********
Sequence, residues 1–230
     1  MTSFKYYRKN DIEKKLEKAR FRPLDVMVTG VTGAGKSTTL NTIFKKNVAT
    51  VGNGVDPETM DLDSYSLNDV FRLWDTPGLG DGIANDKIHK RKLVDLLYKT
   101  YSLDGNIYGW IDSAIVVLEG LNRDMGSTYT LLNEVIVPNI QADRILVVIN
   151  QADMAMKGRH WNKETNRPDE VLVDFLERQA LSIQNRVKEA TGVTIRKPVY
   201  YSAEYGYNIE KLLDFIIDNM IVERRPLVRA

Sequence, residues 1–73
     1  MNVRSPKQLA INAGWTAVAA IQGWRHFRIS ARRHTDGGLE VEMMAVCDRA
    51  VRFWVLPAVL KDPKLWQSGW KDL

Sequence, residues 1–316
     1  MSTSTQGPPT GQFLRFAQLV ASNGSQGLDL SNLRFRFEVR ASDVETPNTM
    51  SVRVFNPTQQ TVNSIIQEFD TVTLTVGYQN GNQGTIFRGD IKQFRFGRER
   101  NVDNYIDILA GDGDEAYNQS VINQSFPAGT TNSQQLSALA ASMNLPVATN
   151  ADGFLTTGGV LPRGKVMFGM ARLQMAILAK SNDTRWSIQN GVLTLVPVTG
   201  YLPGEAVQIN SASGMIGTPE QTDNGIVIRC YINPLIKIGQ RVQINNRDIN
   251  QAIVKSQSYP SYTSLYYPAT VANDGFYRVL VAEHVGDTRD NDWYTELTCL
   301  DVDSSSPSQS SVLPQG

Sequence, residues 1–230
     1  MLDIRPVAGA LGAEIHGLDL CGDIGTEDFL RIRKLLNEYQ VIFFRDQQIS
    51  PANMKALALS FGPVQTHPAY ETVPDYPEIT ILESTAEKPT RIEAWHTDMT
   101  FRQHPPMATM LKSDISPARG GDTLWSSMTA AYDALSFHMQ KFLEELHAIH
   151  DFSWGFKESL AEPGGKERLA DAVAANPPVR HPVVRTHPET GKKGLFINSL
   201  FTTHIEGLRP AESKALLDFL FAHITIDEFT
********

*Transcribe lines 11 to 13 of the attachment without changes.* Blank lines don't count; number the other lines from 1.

     1  MSTSTQGPPT GQFLRFAQLV ASNGSQGLDL SNLRFRFEVR ASDVETPNTM
    51  SVRVFNPTQQ TVNSIIQEFD TVTLTVGYQN GNQGTIFRGD IKQFRFGRER
   101  NVDNYIDILA GDGDEAYNQS VINQSFPAGT TNSQQLSALA ASMNLPVATN